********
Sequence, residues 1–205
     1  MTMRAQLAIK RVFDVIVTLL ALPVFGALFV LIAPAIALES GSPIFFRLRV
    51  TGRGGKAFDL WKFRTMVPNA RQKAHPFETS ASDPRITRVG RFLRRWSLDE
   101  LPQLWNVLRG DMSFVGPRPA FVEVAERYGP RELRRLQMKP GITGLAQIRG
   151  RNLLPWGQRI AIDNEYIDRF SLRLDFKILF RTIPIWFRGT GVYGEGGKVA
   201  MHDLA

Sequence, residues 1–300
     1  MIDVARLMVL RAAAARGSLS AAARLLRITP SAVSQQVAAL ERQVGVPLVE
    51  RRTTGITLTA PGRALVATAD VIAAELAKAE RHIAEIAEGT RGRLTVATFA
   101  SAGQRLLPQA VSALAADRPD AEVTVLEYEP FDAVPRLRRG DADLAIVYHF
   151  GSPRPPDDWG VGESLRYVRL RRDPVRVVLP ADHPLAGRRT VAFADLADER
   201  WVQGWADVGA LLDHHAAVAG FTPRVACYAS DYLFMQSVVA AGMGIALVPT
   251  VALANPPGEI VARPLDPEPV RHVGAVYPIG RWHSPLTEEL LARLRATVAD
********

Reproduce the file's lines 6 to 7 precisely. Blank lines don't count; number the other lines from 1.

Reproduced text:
   201  MHDLA

Sequence, residues 1–300